Foreclosure freezes. Doubts about true sales. Fraudulent, flawed mortgage pools.
And now this news from Asset Backed Alert:
Mortgage-bond buyers are losing faith in the accuracy of remittance reports, and some say the apprehension could soon factor into their investment strategies.
Remittance reports, distributed monthly by securitization trustees, are supposed to provide routine snapshots of the cashflow-collection and distribution activities of servicers. However, investors say there has been a rash of recent instances in which the reported data differed considerably from what actually happened — making it impossible to determine values for their holdings.
Why have the once-reliable reports been wrong? Investors point in part to increasing use this year of mortgage-modification programs that government agencies and lenders have implemented to aid troubled borrowers. They claim some servicers fail to verify when the changes take effect, resulting in mismatches between when a given loan's cashflows actually shift and when those adjustments are reported.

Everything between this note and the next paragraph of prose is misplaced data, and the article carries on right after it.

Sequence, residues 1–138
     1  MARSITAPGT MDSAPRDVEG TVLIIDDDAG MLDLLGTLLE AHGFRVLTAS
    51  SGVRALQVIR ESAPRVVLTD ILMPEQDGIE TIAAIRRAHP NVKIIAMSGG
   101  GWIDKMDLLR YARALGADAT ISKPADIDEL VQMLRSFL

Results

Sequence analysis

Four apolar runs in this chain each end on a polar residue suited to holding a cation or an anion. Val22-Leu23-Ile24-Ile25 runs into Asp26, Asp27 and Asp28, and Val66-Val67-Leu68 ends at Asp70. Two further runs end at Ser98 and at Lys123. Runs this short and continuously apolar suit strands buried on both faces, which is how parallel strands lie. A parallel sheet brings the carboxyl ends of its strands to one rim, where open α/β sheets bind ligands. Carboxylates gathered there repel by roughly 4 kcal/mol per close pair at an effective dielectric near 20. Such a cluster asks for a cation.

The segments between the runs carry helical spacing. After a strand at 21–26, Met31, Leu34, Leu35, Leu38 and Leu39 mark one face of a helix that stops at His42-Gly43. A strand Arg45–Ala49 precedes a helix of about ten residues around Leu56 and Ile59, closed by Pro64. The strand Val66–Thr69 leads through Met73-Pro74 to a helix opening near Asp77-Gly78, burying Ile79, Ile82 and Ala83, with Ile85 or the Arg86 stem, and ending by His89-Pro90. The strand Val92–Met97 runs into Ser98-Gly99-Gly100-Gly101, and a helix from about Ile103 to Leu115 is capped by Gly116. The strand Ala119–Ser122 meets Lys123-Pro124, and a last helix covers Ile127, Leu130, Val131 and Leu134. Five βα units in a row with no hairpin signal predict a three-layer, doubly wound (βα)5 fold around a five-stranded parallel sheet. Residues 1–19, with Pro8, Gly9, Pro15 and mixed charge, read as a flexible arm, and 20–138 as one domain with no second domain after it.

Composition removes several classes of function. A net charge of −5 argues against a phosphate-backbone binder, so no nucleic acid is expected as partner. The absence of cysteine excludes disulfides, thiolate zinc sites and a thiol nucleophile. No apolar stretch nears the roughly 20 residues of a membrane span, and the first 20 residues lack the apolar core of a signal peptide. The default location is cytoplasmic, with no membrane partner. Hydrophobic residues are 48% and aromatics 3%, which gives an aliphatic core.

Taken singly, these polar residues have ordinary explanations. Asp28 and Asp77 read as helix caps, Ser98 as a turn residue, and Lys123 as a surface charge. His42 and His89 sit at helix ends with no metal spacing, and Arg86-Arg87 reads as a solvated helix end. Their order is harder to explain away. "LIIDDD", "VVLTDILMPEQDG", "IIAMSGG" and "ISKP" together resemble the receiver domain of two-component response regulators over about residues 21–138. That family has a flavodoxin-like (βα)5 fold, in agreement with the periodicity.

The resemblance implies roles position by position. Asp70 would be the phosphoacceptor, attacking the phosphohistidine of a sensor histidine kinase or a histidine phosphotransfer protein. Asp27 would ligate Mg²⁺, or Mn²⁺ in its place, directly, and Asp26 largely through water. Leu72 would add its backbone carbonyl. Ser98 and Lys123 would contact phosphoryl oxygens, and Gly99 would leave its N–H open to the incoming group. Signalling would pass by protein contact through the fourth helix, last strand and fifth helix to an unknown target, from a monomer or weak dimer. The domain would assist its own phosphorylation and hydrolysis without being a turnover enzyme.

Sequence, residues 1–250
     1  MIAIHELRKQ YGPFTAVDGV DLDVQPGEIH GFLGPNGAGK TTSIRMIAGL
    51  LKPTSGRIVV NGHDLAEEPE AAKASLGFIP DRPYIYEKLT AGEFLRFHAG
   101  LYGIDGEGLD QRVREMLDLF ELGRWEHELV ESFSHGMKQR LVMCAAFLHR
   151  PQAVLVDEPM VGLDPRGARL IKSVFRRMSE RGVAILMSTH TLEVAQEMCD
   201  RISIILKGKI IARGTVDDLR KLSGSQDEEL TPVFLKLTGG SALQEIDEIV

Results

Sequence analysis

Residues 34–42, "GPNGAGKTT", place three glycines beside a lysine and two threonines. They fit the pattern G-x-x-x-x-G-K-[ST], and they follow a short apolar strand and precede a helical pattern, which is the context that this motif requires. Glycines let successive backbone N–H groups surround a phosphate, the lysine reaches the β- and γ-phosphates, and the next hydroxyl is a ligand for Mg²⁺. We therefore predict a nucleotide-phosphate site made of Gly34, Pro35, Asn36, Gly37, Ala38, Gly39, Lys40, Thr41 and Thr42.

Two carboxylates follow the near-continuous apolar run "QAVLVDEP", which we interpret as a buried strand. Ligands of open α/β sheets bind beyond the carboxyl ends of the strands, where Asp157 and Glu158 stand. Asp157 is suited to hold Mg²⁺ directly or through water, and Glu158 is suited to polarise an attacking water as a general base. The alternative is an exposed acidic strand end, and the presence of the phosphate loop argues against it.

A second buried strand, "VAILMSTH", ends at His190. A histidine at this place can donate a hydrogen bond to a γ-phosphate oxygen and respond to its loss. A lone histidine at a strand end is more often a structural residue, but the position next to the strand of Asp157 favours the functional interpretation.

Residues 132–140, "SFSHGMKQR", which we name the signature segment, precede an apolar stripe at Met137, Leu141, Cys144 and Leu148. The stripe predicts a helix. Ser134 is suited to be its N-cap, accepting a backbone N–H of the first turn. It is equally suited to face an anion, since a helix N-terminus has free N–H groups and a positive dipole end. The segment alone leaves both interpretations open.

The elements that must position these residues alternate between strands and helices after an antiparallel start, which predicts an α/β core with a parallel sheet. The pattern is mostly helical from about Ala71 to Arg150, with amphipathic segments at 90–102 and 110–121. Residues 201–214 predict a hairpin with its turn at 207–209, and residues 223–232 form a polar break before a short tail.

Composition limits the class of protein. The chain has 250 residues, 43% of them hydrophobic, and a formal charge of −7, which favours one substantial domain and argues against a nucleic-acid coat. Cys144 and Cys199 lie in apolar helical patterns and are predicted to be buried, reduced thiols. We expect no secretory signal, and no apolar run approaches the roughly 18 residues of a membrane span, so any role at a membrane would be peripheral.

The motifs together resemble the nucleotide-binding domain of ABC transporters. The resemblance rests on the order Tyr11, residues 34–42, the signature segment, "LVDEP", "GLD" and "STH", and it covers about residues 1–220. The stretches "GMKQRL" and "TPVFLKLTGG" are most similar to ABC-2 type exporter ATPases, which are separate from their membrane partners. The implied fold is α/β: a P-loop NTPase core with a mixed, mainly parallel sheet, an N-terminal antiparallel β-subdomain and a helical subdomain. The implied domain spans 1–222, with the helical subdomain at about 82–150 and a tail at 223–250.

Servicers argue the volume of recent modifications has become overwhelming in comparison to their staffing levels. They also have faced ongoing struggles in figuring out how to treat loans that are in the trial phases of modification programs. "It has made it nearly impossible for us to appropriately account for changes," one servicing professional said.
Got that? The mortgage servicers aren’t even sure about how much money they are taking in or paying out to investors.
Questions? Comments? Email us atNetNet@cnbc.com
Follow John on Twitter @ twitter.com/Carney
Follow NetNet on Twitter @ twitter.com/CNBCnetnet
Facebook us @ www.facebook.com/NetNetCNBC